These herbaceous plants relate to Lilium (the true lily members). They are flowering plants that grow from bulbs. All of these produce big noticeable flowers. These Lilies form a collection of flowering plants that have, largely gained fame in both literatures as well as culture all over the world. Many of these varieties inhabit the moderate northern part of the hemisphere, while you will see their varieties have spread over the subtropics of the north. Mentioned in both the old and new testaments of the Bible, the lily always stood as a cultural symbol and people revered the lily through the ages for its fragrance, beauty, purity and chastity.
Lily flowers in a trumpet shape grow to a diameter of 6 inches. The 3 feet long stems hold 4 to 8 flowers. The scanty leaves are dark green in color. These lilies blossom at different times. Nearly all lilies have a life of 1 to 2 weeks. The Lily blossoms in pink, white, orange, yellow and red colors, with very profoundly colored inner portions.
How to Cultivate Domestically
Preparation for Planting
For a good effect, prepare bunches of 3 to 5 white lily bulbs and place each bulb at a distance of 8 to 12 inches. In this way every flower gets sufficient space to bloom to its full and display its glamour. Remove the Asiatic (belonging to Asia) Lilies bought from the market from the containers and plant them in your garden during the growing season. Plant them in places with access to full sunlight.
- Plant your lily bulbs during autumn. Dig and turn over the soil to a depth of 12 -15. “Deep planting helps the roots to hold the plant firmly and keeps the stem steady, so that you need not provide any additional support.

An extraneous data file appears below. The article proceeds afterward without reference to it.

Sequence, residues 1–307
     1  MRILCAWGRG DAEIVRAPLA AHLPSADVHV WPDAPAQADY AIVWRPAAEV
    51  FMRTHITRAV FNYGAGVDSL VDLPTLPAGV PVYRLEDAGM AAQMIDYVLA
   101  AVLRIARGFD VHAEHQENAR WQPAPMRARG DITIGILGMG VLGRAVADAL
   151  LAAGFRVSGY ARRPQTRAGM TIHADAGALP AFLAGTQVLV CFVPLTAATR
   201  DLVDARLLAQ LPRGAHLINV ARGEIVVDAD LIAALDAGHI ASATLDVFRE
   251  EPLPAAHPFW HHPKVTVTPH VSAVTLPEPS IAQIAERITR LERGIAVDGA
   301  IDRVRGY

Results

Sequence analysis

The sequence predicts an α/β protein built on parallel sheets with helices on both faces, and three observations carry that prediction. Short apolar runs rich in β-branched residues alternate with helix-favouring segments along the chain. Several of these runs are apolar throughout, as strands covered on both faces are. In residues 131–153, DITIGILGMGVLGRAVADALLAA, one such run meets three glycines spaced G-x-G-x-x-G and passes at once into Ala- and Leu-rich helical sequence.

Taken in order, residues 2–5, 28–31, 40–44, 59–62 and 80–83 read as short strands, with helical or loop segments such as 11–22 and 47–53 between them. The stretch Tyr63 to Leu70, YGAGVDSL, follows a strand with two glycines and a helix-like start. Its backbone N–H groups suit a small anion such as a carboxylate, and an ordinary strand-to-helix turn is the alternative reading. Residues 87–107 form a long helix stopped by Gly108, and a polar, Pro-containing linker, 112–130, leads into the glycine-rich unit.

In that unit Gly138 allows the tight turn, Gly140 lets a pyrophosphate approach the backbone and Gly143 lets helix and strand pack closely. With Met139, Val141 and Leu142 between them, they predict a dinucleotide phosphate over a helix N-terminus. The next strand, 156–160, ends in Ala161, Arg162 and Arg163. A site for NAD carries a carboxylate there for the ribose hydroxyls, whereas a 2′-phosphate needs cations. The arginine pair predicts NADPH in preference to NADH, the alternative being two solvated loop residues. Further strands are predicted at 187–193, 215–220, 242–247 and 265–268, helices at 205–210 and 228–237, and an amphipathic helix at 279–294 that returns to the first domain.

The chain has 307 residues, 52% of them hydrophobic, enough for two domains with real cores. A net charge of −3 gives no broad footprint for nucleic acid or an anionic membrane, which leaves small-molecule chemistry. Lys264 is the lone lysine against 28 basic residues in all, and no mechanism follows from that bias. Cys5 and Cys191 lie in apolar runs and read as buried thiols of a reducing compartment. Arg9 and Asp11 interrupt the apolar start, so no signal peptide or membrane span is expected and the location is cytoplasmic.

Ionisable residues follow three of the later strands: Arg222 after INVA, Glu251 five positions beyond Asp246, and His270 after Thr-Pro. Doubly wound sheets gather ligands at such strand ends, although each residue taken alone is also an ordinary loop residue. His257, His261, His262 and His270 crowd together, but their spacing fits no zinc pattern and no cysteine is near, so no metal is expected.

- To bloom successfully, lilies need sunshine for 6 to 8 hours daily. Other low-lying plants, with foliage around the base of the lilies’ stems, guard their roots against getting dry.
- The location selected must have well drained soil; if not, the bulbs will rot due to the water entrapped below.
- The well-known varieties of Lilies need soil that is neutral to acidic soil. However, few of them like the Madonna lilies favor alkaline soils.
- Make a hole twice or thrice the bulbs height, introduce the bulb in the hole with its tip pointing upwards, then top up the hole using soil, and carefully dampen the soil.
Placement and Watering
While searching for an ideal place for planting Lilies, bear in mind that if you cut the stems more than 1/3 of their individual heights they will not recharge the following year. Normally, watering once a week is sufficient unless you should encounter a dry spell, when you can adopt a system of watering twice a week.
The blooming season is June to July; blossoming takes place yearly once, and the blooms last for a period of two weeks. Yet with cautious choice, it is possible to culture varieties of Asiatic lilies of different blossoming seasons.
After Bloom Care
Photo by: Denis Barthel
Once blooming ceases, discard the flowers, retaining the leaves unbroken. If you cut the stems too long, you will weaken the lilies. Let the leaves and stem turn brown at the termination of the season prior to cutting back to the ground. Such a method permits the lily to revive the succeeding blossoming year. After cutting, cover the hole with a little soil to keep water from entering the hole and rotting the bulb.
As Cut Flowers
- Lilies are excellent as cut flowers. Select lilies with bulbs that are just blooming, but not green or tight, but showing a little color.
- Once you bring your lilies indoor, trim the end of the stem diagonally to an inch or so with a sharp knife.
- In case you doubt that the orange pollen grains of the lily are likely to develop stains, just snip off the stamens at the flower’s center.
- Prior to decorating them in a flower vase, discard the leaves at the lower end of the stems to prevent its decay below water.
- To extend the lily’s life, add cut-flower food to the water in the vase.